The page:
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'We have a responsibility to source soya responsibly'

6th Sep 2019 / By Alistair Driver

Progress is being made across the supply chain to source soya more responsibly, but there is still some way to go, according to experts commenting in the latest issue of Pig World. 

soya

In the past decade an estimated 50 million hectares of forest (an area the size of Spain) has been destroyed to grow commodities like soya, palm oil and beef. Much of this has taken place in Brazil, where the recent Amazon forest fires to clear land for crops and cattle have further intensified the spotlight. 

Deforestation not only has devastating ecological impacts but also drives climate change – it is responsible for 12% of the world’s greenhouse gas emissions, with most driven by agricultural commodities, according the article.

The UK imports vast quantities of soya for animal feed and soya is the most important protein source in pig diets, according to ForFarmers’ corporate affairs director Nick Major, who is also president of Fefac, the European Feed Manufacturers’ Federation.

Its use in pig diets has fallen in the past 10 to 15 years to around 8%, thanks to the introduction of more rapeseed and sunflower oil, as well as distillers’ grains and synthetic amino acids. However, it remains an important ingredient thanks to a great nutrient profile – high protein content (more than 40%) and balanced amino acid composition – and year-round availability in predictable quantities.

The NPA is part of the UK Roundtable on Sustainable Soya (RTSS), which convened last year, with a view of moving towards more sustainable sourcing. Signatories include the major supermarkets (bar Morrisons), plus the likes of Tulip and Cranswick.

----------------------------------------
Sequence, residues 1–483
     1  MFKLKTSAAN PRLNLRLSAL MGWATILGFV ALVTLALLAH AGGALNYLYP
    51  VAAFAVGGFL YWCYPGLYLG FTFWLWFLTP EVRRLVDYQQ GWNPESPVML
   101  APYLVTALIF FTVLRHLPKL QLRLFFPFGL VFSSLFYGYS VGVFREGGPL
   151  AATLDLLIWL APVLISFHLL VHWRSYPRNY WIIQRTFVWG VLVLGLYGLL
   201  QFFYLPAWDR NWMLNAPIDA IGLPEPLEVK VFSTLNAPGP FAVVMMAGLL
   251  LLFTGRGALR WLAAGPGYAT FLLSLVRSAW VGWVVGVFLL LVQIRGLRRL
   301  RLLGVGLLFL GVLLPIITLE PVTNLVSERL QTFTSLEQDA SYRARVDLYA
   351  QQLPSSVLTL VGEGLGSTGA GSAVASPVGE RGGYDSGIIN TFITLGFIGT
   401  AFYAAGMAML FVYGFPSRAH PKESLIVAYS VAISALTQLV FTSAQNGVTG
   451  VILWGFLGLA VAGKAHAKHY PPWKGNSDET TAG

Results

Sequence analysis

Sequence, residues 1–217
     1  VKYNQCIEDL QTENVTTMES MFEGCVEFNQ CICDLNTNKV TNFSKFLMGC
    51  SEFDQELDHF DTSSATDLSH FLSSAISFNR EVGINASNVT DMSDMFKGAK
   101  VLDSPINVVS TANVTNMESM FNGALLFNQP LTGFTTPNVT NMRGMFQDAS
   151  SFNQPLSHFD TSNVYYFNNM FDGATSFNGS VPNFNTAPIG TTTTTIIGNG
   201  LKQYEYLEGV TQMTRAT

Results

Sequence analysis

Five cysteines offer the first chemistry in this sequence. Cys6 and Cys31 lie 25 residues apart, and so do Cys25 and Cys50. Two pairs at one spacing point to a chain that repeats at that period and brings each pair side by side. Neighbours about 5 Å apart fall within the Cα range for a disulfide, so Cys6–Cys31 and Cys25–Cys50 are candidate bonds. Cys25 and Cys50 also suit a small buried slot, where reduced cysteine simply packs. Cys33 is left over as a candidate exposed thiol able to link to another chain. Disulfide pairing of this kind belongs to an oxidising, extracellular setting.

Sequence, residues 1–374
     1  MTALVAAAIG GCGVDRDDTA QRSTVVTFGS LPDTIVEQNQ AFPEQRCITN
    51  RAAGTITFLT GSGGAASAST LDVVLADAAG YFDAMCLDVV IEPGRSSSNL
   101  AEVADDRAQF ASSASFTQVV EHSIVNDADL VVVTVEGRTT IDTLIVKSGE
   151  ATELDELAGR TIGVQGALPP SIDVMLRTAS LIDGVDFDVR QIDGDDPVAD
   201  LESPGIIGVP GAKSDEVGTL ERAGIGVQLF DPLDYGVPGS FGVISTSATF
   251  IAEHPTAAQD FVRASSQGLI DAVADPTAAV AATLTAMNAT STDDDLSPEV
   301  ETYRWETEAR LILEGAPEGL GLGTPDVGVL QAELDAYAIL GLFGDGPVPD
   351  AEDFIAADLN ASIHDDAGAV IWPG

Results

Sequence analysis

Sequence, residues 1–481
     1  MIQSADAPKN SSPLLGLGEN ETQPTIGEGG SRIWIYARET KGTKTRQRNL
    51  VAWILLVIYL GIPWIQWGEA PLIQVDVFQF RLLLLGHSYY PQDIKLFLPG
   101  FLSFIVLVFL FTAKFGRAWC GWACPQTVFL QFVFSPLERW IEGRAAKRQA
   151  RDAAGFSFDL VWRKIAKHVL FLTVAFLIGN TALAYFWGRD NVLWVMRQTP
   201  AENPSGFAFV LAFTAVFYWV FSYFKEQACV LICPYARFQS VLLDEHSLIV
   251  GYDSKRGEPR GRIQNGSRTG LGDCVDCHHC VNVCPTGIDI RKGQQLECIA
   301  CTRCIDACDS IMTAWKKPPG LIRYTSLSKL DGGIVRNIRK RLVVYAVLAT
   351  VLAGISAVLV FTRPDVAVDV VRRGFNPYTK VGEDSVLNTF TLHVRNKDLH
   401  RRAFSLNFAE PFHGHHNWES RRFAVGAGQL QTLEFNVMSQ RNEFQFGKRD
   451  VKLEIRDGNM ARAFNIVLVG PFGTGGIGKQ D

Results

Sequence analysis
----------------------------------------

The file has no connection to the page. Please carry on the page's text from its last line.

Eight major supermarkets, representing 1.2m imported tonnes of soya, have now published action plans detailing how they are going to deliver on their promises.

NPA policy services officer Lizzie Wilson, who sits on the roundtable, said the pig sector is very much engaged in the process. "It’s historically been a volatile market, but soya is on our members’ radar more so than ever due to the public and media scrutiny,” she said.

The NPA continues to explore the issues around sourcing sustainably produced soya and the possible use of alternative proteins, some of which are listed in the article. But she stressed that producers must not be forced to bear the financial burden of changes that could force up the cost of pig feed. 

“There are lots of retailers busily making commitments, and as always these come with a cost and as always this is passed on to producers,” Mrs Wilson added. “We have a responsibility [to source sustainably] and the scrutiny is going to increase.”

However, she warned that producers must not be ‘unfairly disadvantaged in order to meet the retailers’ commitments’. “The retailers can’t expect us to cover their costs,” she added.

To read the full article, click here

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